We receive a lot of questions from runners looking for fueling advice for these particular events. Understanding your options will help remove the guesswork so that you can achieve more – possibly even finishing with a personal best – without fear of bonking or suffering GI issues. (For recommended fueling amounts, please see our Little Red Book/Product Usage Manual, available for free on our website.)

The weeks before the race
Successful fueling starts weeks before the race, when you “refill the tank” with quality fuel ASAP after all of your workouts. Within 60 minutes of the finish of each workout, replenish your body with Recoverite, which is ideally formulated to help build lean muscle tissue, boost immune system functioning, and increase muscle glycogen – the first fuel your body will use when you resume exercise. With smart training and recovery fueling, you can accrue up to 90 minutes of this premium, ready-to-use fuel.

Days leading up to the race
Don’t make big changes to the daily diet that you’ve been following while in training – attempting to “front load” water, carbs, and/or sodium is ineffective and counterproductive. Continue to consume roughly 0.5-0.6 ounces per pound of your body weight, daily. If you haven’t been drinking this much, don’t start now – you will overwhelm your body with fluid too soon. Also do not consume extra sodium (salt) before your race. Taking in too much sodium can disrupt your body’s natural ability to regulate and conserve this mineral – resulting in cramping, weakness, or worse on race day.

Night before
Very simple: Eat clean until you’re satisfied, and then call it a night. You can’t positively affect muscle glycogen storage the night before the race. Consume complex carbohydrates, some high-quality protein, and little or no saturated fat. Make sure your meal is low in sodium, and drink sufficient water. Skip alcohol, fatty foods, and dessert… save those “rewards” for after the race.

Morning of the race
Do not consume significant calories 3 hours prior to the race. Remember, the first fuel your body will use when the race begins is the muscle glycogen you’ve stored up in training through your post-workout refueling. Eating a pre-race meal at the wrong time will cause your body to burn through its finite stores of glycogen more rapidly, while also negatively impacting how well your body uses body fats for fuel.

Instead of eating anything 1-2 hours prior to your race, consume 1 serving of Hammer Gel approximately 5 minutes prior to the start. This will top off liver glycogen stores nicely and provide some calories to augment muscle glycogen stores.

In addition, drink 24-34 total ounces of water in the 2 hours prior to the start, ceasing about 30 minutes before the race.

30-45 Minutes before: Endurolytes time!
Taking a “pre-emptive strike” dose of Endurolytes (with water) before the race will provide electrolytes for at least the first hour of the race. If you are taking additional supplements, such as Endurance Amino or Anti-Fatigue Caps, take them now too.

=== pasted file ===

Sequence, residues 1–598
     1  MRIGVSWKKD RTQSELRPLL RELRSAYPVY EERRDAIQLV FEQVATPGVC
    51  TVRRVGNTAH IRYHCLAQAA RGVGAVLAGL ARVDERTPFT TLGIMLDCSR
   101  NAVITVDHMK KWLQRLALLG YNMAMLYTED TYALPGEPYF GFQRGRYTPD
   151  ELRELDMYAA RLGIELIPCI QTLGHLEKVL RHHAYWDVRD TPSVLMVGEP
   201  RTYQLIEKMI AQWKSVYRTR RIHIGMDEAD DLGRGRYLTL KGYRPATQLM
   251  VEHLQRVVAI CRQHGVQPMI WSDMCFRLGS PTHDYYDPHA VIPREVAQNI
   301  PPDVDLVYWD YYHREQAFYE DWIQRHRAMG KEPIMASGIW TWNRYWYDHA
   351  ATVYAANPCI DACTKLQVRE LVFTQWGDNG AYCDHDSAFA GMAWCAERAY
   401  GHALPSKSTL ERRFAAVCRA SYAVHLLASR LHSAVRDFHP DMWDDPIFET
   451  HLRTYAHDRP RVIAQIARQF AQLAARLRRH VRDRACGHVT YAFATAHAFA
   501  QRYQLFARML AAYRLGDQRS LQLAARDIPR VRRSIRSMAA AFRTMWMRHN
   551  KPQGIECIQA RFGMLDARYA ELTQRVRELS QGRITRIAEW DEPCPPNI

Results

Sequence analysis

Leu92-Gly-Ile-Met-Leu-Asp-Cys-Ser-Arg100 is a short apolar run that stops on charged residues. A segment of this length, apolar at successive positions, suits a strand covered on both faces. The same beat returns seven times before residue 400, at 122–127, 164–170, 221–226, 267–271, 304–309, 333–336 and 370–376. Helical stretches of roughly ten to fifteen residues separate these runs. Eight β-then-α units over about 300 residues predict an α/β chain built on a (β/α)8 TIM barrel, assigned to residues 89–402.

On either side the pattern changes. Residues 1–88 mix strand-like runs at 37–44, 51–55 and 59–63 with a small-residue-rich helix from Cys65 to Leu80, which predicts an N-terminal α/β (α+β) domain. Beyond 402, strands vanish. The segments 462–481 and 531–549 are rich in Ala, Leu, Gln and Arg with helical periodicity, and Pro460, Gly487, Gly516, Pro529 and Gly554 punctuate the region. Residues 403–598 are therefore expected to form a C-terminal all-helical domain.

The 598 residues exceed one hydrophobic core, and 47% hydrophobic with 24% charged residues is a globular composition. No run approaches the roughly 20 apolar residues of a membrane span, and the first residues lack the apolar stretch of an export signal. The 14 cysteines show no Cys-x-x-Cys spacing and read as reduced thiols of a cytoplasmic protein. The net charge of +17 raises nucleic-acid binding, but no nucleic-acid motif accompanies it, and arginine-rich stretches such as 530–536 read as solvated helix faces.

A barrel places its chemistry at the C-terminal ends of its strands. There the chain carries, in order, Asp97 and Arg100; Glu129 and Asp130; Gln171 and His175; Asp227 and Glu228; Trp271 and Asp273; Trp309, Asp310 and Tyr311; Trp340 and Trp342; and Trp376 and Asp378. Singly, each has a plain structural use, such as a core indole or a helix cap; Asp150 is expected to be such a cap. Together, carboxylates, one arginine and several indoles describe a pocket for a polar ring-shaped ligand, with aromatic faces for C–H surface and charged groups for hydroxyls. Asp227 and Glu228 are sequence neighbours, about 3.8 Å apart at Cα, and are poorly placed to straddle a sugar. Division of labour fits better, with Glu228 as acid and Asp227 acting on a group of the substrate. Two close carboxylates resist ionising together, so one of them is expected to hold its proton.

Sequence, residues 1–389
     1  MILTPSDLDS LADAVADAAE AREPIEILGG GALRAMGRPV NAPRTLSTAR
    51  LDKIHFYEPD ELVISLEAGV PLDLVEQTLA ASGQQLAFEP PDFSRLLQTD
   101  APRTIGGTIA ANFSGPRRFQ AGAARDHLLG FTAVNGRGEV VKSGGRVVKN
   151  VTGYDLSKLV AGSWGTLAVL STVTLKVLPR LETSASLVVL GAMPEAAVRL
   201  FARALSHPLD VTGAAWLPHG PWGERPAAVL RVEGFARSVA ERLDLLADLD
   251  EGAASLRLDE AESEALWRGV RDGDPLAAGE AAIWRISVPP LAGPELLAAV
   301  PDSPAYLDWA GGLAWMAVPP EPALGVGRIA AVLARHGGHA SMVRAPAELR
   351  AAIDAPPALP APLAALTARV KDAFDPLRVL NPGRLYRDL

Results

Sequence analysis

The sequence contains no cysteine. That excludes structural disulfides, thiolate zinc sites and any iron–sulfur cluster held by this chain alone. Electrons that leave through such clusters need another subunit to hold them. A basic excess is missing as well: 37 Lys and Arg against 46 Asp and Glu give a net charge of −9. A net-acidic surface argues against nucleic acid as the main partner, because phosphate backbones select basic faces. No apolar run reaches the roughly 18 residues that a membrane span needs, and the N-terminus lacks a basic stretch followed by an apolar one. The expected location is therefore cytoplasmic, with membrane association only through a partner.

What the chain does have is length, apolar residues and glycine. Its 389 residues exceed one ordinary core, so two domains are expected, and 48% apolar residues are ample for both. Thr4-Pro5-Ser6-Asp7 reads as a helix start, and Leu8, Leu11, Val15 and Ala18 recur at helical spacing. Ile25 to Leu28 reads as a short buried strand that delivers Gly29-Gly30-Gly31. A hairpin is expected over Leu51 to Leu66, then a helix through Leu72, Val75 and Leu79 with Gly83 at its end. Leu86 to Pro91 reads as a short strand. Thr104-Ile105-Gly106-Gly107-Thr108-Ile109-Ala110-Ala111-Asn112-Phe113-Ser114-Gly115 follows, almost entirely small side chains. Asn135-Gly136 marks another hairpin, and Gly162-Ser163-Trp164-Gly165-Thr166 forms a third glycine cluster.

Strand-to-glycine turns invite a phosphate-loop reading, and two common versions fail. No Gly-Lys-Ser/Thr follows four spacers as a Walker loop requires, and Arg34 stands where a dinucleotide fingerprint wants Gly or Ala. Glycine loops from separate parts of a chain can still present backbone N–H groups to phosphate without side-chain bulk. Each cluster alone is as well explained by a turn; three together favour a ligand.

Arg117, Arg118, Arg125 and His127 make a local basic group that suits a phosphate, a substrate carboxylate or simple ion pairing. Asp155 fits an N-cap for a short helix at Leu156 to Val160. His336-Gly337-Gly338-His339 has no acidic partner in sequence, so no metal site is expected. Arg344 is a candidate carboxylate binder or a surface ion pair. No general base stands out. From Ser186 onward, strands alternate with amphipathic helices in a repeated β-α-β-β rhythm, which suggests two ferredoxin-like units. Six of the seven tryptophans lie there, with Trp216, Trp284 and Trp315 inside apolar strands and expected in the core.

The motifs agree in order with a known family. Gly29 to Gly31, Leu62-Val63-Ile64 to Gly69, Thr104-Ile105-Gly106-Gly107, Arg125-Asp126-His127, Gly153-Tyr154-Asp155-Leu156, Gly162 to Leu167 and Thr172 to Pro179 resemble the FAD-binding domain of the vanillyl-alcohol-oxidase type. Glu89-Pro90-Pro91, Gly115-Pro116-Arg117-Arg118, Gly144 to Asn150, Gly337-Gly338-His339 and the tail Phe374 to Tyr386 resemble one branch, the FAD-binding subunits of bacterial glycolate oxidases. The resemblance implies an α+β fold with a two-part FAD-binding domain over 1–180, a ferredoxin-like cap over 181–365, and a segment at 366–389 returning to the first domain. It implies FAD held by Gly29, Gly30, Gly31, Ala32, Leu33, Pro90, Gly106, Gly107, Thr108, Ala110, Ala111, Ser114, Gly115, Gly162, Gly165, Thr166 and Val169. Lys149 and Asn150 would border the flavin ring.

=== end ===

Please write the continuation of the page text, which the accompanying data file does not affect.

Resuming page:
Fueling for your race
If your race is in the 2-2.5 hour range (perhaps even slightly longer), you can go with carbs only, meaning “regular” (no protein-containing) Hammer Gel or HEED. If your race will be closer to 3 hours (or longer), you have several fueling options available. You can use:

1) Sustained Energy or Perpetuem as your primary-to-sole fuel
2) “ultra” Hammer Gels – Peanut Butter, Peanut Butter-Chocolate, or Nocciola, which contain complex carbohydrates and a small amount of protein – as your sole fuel
3) a combination of a “carb only” fuel (regular Hammer Gel or HEED) plus Perpetuem Solids
Note: Refer to Hammer Nutrition’s Product Usage Manual for hourly dosage suggestions.

The reason for the protein is that around that second hour mark of exercise and beyond, a small percentage of your energy requirements will be fulfilled from protein. If you don’t provide some from your fuel mix, at least part of the time, your body will cannibalize its own lean muscle tissue to obtain the necessary amino acids. This increases ammonia – a primary culprit in premature fatigue during endurance events.

How to choose
In addition to race duration, your fuel choice – and the amounts you use – should also be based on how well you digest a particular fuel during a higher-impact activity (like running), the intensity of the effort, the weather and your acclimation, and the terrain.

To determine your best race day fueling plan, consider these variables, then thoroughly test your plan in training. Testing a variety of these fueling options under a variety of conditions will give you the greatest potential for success come race day. Also, please remember that we have a skilled team of client advisors ready to help you dial in your fuel and supplement program. We’re just a phone call or email away! HN

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